ing breastfeeding to non-breastfeeding ranged from
4.2 during the first months of life to 1.4 in the 9th
though 11th months of life in a pooled analysis.14
Given the link between breastfeeding duration and
infant health, it is possible that increased infant mor-
tality associated with a lower maternal CD4 count may
be mediated through breastfeeding.
This analysis uses longitudinal data collected from
a well-defined cohort of pregnant women and their
infants enrolled in a breastfeeding intervention trial
in Zambia to evaluate the mediating role of breast-
maternal CD4 count and child mortality.
Materials and methods
Study design and population
The Zambia Exclusive Breastfeeding Study (ZEBS) was
a randomized controlled trial designed to assess the
impact of abrupt weaning at 4 months on overall HIV-
free survival. Details of the study have been described
September 2004, 1435 HIV-infected pregnant women,
were enrolled into a randomized controlled trial of a
breastfeeding intervention to prevent mother-to-child
transmission of HIV at two clinics in Lusaka, Zambia
at antenatal clinic visits. At the time of this study
highly active antiretroviral therapy (HAART) was not
yet available in Zambia. ZEBS was approved by insti-
tutional review boards at Boston University, Childrens
Hospital of Los Angeles, Columbia University and the
University of Zambia Research Ethics Committee.
All enrolled women were intensively counselled
to exclusively breastfeed through 4 months of age. At
1 month post-delivery, women were randomized to
either: (i) abrupt breastfeeding cessation at 4 months;
or (ii) exclusive breastfeeding through 6 months
with weaning as they normally would. Mothers
and infants were followed for 2 years. The current
analysis includes all live born, singleton infants in
ZEBS randomized to usual breastfeeding behaviour
(i.e. the control group who were counselled to stop
breastfeeding when they felt it was appropriate) who
did not test HIV-positive at any time during follow-up.
Thus for all mothers included in the current analysis,
breastfeeding behaviour was not under the control of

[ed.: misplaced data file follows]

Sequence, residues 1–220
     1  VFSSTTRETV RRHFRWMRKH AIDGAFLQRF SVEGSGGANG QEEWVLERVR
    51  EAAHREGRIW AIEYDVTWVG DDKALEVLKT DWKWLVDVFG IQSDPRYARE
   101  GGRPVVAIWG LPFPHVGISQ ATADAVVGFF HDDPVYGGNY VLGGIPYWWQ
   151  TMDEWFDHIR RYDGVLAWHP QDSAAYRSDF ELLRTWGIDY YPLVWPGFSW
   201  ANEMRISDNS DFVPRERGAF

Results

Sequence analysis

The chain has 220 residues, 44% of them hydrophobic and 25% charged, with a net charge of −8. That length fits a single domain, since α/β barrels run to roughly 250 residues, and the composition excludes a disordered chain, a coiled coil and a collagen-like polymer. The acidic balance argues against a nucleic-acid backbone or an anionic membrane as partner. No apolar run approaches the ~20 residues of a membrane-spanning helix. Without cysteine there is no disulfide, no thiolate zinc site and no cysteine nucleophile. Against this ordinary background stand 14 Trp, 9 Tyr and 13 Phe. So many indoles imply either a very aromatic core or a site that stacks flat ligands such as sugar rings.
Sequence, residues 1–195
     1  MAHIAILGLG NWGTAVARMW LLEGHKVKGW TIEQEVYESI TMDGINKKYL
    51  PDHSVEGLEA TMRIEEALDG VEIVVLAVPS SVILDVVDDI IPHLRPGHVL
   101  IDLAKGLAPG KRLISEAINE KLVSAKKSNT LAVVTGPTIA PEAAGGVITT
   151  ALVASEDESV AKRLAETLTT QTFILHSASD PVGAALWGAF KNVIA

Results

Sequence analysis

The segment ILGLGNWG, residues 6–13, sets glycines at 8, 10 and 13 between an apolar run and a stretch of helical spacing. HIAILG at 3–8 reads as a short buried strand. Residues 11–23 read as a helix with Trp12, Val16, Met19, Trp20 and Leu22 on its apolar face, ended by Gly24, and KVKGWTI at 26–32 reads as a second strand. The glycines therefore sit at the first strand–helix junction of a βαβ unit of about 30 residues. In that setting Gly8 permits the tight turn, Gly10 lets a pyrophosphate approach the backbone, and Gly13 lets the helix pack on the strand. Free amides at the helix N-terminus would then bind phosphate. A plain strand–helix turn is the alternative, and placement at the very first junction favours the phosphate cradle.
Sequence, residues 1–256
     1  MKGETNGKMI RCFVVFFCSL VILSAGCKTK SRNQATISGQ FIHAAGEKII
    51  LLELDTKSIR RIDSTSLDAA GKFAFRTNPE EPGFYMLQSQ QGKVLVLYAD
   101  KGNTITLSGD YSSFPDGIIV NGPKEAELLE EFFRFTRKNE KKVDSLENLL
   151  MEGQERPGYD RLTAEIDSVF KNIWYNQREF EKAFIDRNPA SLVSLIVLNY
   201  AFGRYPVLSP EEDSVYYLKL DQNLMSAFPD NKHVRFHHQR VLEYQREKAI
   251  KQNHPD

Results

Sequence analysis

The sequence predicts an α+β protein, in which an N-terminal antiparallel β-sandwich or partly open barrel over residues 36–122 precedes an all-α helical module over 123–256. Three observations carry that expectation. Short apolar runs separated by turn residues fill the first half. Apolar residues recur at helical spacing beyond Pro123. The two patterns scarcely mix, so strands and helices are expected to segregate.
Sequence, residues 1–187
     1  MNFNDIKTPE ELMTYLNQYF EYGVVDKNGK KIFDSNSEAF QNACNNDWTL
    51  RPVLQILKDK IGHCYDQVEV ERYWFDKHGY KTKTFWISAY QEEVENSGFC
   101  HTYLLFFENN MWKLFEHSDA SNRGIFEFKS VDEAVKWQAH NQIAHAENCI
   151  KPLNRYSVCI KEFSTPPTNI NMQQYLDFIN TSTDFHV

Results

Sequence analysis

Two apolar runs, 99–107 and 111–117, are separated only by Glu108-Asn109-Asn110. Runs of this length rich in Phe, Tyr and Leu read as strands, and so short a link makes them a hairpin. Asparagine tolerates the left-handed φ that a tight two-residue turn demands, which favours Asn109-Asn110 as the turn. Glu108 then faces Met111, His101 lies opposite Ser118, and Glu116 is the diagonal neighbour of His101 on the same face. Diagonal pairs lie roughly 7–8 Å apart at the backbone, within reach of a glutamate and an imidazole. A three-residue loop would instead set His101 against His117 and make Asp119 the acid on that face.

the investigator and was not influenced by the study
team. This analysis is limited to the first 18 months of
follow-up as there were only two child deaths after
At baseline all mothers had blood drawn for CD4þ
T-cell lymphocyte counts (FACSCount system, BD
Immunocytometry Systems, San Jose, CA). Maternal
disease stage as indicated by CD4 count during
pregnancy at enrollment was categorized into three
groups (<200, 200–499, 4500).
All mothers were scheduled for clinic visits at 1
week, then monthly through 6 months, then every
3 months. For any child who died, the date and
circumstances of the death were elicited from the
mother or family members and hospital records when
available. Infant follow-up time was defined as the
period from birth to the date of the earliest of:
(i) completion of 18 months of follow-up; (ii) infant
death; and (iii) last visit if lost to follow-up.
We defined breastfeeding cessation to have occurred
at the child’s actual as reported by the mother on her
first report of stopping all breastfeeding. We assumed
children who died were breastfed up to their date of
death unless records specifically reported that breast-
feeding stopped prior to the start of the illness
immediately preceding the child’s death. Breastfeed-
ing time was defined as the period from birth to the
date of the earliest of: (i) first visit a mother reported
stopping all breastfeeding; (ii) infant or maternal
death; (iii) completion of 18 months; and (iv) last
visit before loss to follow-up.
To assess the mediating role of breastfeeding in the
we first examined the relationship between maternal
CD4 count and child mortality. Next, we explored the
association between maternal CD4 count and breast-
feeding cessation. Finally, we created a model with
child mortality as the outcome and maternal CD4